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If access to a cloud server instance that stores personal/important information is lost or removed by the provider, is my data protected? Can the provider access my data and copy it, distribute, or claim ownership?

I'm horrified by the internet version of Storage Wars, where the contents of the "storage unit" is auctioned off to the biggest bidder if rent is unpaid. What are the laws that apply here? Who/What validates/guarantees that the providers follow the rules?

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That's like 3 different questions in one, this will make answers feel incomplete. IMHO, I don't think you can protect data without some form of encryption, instances are backed up(by most services). With respect to "who/what validates/guaranees...", you should actually read the TOS and License Agreement. –  ComputerSaysNo Dec 20 '12 at 5:39
    
Pretty much depends on their TOS. –  cen Dec 20 '12 at 5:52
    
As the other users noted, it comes down to their commitment according to their ToS / License. Also note that they can of course change this at any time, even going so far as to claim that they own any of your data. Just ask Instagram users. –  AviD Dec 20 '12 at 10:32
    
There was huge press coverage about the USA (perhaps illegally) shutting down a cloud provider called "Mega". People still do not have access to their data although this happened months ago. –  Hendrik Brummermann Dec 20 '12 at 21:49

2 Answers 2

The short answer is that when you put your data on the cloud the provider has the technical capability to do what they want with it. They could sell it, trade it, share it, etc. What is keeping them from doing just that is a) the terms of service or contract agreed (read it to make sure they don't have rights to your data as some claim rights over anything you upload), b) law - although in most places the law is ambiguous and/or missing on this point, and c) public opinion, see instagram's recent fail on this issue.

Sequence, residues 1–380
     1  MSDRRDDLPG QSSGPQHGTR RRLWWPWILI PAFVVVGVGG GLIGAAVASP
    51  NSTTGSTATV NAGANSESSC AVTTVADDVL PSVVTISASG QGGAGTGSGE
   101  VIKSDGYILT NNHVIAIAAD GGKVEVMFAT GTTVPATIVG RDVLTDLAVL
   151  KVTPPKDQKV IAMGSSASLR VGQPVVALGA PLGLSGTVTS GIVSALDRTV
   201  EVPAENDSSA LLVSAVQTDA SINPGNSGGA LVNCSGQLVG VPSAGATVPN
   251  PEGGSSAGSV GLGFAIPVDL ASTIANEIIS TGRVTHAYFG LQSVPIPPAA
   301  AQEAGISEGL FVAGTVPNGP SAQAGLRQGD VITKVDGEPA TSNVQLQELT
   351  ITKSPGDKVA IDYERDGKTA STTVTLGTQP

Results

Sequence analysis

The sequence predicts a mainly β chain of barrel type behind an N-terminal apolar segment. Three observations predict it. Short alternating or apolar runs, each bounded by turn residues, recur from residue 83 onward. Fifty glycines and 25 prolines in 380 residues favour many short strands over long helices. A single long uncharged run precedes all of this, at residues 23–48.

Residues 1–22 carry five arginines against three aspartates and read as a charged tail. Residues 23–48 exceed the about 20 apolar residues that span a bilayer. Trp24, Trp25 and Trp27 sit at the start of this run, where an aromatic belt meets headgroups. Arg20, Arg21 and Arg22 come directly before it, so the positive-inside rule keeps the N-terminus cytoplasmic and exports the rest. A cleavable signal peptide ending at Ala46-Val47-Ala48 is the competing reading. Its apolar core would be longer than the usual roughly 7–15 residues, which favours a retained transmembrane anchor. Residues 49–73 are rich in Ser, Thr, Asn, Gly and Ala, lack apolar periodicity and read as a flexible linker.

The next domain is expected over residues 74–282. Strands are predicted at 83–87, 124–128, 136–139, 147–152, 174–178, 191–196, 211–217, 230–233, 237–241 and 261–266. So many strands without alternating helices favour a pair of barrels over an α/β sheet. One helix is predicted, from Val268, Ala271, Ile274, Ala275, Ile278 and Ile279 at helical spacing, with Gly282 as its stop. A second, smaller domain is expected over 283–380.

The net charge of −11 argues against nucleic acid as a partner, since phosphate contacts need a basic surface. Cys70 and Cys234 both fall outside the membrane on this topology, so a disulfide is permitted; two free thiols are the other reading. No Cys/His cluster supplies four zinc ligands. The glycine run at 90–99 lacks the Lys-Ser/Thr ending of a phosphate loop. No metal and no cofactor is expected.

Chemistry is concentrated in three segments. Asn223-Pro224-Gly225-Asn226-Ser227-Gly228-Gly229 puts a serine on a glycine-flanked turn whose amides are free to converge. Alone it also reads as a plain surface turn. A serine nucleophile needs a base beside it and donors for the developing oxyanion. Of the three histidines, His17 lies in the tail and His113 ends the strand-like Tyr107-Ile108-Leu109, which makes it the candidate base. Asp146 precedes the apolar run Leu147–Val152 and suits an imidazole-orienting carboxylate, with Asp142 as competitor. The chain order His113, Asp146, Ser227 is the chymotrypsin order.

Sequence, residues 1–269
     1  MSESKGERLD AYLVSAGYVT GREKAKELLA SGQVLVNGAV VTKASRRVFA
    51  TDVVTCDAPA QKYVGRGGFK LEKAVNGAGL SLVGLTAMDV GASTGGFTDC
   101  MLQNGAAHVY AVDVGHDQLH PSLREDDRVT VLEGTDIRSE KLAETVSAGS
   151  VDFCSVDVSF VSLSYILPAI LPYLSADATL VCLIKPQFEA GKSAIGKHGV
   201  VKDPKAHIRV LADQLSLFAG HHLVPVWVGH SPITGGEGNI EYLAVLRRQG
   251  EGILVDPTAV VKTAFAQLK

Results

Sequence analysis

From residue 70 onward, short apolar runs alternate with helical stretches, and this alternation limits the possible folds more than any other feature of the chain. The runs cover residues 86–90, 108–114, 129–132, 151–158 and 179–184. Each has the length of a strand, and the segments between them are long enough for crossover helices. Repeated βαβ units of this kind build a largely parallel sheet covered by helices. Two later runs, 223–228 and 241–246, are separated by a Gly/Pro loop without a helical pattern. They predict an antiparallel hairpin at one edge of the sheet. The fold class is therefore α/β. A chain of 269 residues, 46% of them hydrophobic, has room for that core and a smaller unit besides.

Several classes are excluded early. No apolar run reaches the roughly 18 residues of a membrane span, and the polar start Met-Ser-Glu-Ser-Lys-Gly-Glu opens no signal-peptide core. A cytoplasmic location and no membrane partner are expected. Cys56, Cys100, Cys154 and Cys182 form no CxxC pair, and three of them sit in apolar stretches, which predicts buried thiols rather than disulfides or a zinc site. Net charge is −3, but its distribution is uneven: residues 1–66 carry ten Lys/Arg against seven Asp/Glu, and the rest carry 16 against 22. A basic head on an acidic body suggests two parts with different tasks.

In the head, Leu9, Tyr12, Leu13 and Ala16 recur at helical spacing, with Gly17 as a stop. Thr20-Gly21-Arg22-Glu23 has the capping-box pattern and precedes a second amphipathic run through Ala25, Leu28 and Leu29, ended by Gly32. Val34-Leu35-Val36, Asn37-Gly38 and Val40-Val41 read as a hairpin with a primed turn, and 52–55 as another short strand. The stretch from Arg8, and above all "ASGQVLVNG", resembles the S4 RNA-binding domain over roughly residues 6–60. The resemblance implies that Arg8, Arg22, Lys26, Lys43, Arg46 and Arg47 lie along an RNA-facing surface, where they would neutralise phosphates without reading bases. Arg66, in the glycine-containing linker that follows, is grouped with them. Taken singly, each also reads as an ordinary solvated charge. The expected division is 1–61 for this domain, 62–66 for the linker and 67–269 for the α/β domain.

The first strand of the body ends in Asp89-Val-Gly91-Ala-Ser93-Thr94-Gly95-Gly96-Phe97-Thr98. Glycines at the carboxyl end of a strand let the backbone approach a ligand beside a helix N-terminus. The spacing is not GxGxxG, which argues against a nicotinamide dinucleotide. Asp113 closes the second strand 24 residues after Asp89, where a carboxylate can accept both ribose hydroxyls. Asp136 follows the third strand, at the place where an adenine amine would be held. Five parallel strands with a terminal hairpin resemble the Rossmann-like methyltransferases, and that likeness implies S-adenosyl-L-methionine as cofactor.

In most cloud services agreements (at least consumer ones) there is a clause saying that the provider can change the terms of service at any time, so they could theoretically decide to claim ownership to all data and then sell it to the highest bidder. Few companies will go down that route as it guarantees that nobody will ever use their services again, however if a company went out of business it's possible that method could be used by the administrator to make the most out of the failed company's assets.

So do you have any semblance of control of your data in the cloud? Absolutely not, unless you control something about the data. If you encrypt the data at source using an independent utility and then store the encrypted files on the internet you can prevent its misuse, otherwise you just have to accept the trade-off of flexibility versus control.

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It entirely depends on the contract you agree to with the provider. There may be a provider that allows you to setup an encryption key they don't have and have it securely encrypt it so they can't access it, but that would vary greatly from vendor to vendor. Your rights would be almost entirely determined based on your agreement with them since law on the subject are still very early and not case tested. (Important note, I am not a lawyer, so any legal topic is my belief and opinion and may be completely wrong.)

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